Finding Product-Market Fit To Hit $15m+ ARR (w/ Adam Robinson,

Author's avatar Metrics & Chill Podcast Mar 22, 2023 3 minutes read

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    Peter Caputa

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    Learn how Adam Robinson found product-market fit and bootstrapped from $0 to $15m+ ARR.

    How They Move The Needle

    Adam was working to build Robly, his email marketing app, and was up against heavy competition. At that time, he heard it was possible to resolve a website visitor to an email address, even if they weren’t logged in to the platform.

    So he learned how to do it, built the first version, and launched it as a new feature in Robly hoping it would help differentiate them from larger brands like MailChimp. But what he found was that customers started seeking out Robly just for that feature. They’d use Robly just to get a list of emails, and then export that list to their other email provider. He even had customers email him to tell him how awesome the feature was but saw that they weren’t using other parts of Robly as much.

    So he spun it out as a separate product called “GetEmails”, set the price at $19/mo, and let customers use a self-serve model to start learning how they’d use it. He quickly got it to $10k/mo, and since the product was so young, there was no initial churn. He found a way to use Facebook Ads to accelerate the growth and was able to scale to $50k in annual recurring revenue (ARR) in just 4 months. 

    But then he hit a few roadblocks. First, he found that customers they acquired from Facebook ended up churning at a much higher rate, and saw his churn rise to around 20%. He also found that after Covid hit, customers stopped spending as much and his ARR went to $25k.

    Adam realized that the customers coming from Facebook just weren’t their best customers, so he stopped running ads and saw churn drop to 6%~ almost immediately. From there, he focused almost exclusively on e-commerce brands, from small to large. This focus helped him scale to $4m in ARR, but they still didn’t have product-market fit. His churn rate fluctuated between 6% and 8%, and he had customers paying anywhere from $19/mo up to $50,000/mo.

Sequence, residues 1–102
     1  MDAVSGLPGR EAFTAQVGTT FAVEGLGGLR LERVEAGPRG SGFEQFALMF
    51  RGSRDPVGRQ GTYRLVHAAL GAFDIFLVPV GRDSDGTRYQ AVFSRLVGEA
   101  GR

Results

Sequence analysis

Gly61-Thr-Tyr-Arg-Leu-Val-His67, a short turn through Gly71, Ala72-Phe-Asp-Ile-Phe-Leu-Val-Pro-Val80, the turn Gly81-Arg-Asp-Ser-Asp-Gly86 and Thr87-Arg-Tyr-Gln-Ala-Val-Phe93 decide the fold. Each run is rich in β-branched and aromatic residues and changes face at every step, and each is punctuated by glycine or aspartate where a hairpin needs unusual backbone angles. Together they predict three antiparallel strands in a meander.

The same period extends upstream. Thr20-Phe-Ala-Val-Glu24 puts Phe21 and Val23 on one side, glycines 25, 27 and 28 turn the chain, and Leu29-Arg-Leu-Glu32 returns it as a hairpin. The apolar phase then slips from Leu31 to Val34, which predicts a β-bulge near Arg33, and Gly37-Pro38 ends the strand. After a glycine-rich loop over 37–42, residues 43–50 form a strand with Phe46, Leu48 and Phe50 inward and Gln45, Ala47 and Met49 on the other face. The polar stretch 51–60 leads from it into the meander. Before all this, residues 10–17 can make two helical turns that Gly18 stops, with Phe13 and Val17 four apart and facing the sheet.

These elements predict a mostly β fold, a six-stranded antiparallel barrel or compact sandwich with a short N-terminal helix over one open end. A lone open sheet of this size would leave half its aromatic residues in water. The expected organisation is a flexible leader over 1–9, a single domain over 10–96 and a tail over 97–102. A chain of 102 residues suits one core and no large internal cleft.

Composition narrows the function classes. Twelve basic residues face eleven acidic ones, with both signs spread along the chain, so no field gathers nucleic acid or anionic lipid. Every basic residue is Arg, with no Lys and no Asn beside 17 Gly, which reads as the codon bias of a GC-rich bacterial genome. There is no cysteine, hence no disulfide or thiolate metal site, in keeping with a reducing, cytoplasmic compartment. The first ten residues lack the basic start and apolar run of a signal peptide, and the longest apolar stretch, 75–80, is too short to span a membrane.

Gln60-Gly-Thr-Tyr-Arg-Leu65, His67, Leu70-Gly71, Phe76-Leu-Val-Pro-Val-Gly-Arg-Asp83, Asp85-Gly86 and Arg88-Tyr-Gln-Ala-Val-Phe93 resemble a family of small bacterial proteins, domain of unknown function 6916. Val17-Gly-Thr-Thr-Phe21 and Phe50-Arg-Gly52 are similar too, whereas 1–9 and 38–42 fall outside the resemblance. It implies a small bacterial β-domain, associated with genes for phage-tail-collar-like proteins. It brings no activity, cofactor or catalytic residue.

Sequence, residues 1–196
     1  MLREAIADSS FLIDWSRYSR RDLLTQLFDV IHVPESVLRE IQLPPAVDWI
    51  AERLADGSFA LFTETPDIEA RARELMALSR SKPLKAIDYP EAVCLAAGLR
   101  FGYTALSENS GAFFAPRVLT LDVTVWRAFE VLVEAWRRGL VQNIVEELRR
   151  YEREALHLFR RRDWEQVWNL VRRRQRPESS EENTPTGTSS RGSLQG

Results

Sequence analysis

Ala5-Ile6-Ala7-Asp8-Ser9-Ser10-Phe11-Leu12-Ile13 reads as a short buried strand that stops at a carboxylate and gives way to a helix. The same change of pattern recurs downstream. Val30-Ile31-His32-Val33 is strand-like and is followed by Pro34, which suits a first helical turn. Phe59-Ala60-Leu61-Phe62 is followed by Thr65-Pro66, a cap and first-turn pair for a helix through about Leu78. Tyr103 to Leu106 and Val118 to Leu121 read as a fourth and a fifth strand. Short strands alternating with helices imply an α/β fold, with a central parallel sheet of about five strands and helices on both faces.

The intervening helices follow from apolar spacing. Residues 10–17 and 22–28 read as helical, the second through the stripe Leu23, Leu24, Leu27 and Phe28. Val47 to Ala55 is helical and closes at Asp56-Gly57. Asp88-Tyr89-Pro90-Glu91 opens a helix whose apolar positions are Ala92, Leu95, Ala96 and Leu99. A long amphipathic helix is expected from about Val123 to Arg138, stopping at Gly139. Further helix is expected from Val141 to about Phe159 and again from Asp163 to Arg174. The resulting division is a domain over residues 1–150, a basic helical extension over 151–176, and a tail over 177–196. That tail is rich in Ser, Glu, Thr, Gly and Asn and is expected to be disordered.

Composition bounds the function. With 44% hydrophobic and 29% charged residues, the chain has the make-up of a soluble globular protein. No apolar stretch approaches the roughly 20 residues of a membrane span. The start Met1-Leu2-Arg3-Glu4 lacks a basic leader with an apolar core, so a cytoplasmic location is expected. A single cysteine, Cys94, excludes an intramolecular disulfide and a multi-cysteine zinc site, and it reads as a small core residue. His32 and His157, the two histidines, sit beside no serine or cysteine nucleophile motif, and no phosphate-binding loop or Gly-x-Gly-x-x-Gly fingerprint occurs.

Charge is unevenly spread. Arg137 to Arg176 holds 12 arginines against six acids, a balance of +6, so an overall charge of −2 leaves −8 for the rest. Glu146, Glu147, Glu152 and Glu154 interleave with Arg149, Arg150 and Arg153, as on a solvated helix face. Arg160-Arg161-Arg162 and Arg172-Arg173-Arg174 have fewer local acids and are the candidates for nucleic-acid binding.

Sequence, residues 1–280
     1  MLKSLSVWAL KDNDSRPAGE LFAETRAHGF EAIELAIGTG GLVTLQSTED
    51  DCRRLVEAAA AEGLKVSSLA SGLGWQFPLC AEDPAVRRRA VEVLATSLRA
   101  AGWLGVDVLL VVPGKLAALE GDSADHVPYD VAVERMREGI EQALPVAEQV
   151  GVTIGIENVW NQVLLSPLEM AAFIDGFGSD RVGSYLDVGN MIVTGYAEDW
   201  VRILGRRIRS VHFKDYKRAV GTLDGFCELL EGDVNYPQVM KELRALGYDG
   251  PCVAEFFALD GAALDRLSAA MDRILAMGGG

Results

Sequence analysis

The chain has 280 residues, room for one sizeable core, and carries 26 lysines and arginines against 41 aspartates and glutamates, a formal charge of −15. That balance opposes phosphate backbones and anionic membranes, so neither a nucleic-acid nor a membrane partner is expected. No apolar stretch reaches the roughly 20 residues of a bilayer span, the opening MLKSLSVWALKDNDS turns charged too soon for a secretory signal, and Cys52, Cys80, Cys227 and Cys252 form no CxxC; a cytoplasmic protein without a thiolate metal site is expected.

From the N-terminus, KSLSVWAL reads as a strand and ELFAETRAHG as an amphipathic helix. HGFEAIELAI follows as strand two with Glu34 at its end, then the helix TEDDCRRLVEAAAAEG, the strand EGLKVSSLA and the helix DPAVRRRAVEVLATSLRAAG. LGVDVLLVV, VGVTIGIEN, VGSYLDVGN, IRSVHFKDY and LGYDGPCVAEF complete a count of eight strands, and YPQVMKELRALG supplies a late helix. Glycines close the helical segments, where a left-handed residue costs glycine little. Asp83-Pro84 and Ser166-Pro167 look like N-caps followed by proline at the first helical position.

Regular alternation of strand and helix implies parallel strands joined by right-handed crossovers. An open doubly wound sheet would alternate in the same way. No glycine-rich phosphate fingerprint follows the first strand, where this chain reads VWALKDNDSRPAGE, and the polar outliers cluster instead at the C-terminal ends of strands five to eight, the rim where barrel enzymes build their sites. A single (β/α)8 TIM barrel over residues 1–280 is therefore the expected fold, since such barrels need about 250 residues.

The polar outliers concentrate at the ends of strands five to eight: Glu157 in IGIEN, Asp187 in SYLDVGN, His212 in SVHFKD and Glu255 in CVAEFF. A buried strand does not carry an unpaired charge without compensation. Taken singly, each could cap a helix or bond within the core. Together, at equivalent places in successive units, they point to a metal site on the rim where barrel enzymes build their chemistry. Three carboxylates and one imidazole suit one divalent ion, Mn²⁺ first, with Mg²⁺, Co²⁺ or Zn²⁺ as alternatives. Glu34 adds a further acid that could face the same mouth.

Then the breakthrough occurred. After looking at their data and customer behavior, they realized there was a certain segment of their customers that almost never churned, raved about the product, and happily referred their friends. This segment was Shopify Plus brands: large (not small, not enterprise) e-commerce companies that were currently spending about $7,500/mo on the product.

    So Adam’s team made three core changes: 

    First, refined their ideal customer profile (ICP) to Shopify Plus companies. They focused all their energy and messaging around serving this niche.

    Second, they cut the price of the product by about two-thirds (from $7,500/mo to $2,500/mo) and moved to only selling annual contracts.

    Third, they worked to double the value of the product for their newfound target customer by adding new products and features.

    By lowering the price, doubling the value, and changing to annual payments, they were able to scale even further to over $15m ARR in just 2.5~ years from the time Adam started. Their average deal size is $30k, they have a sales cycle of just 7 days, and boast a 90% close rate.

    What’s more, they’re currently on track to hit $50m ARR in the next year or so, and Adam has a very public goal of building a unicorn (a company valued at $1b) in the next couple years.

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    Jeremiah Rizzo

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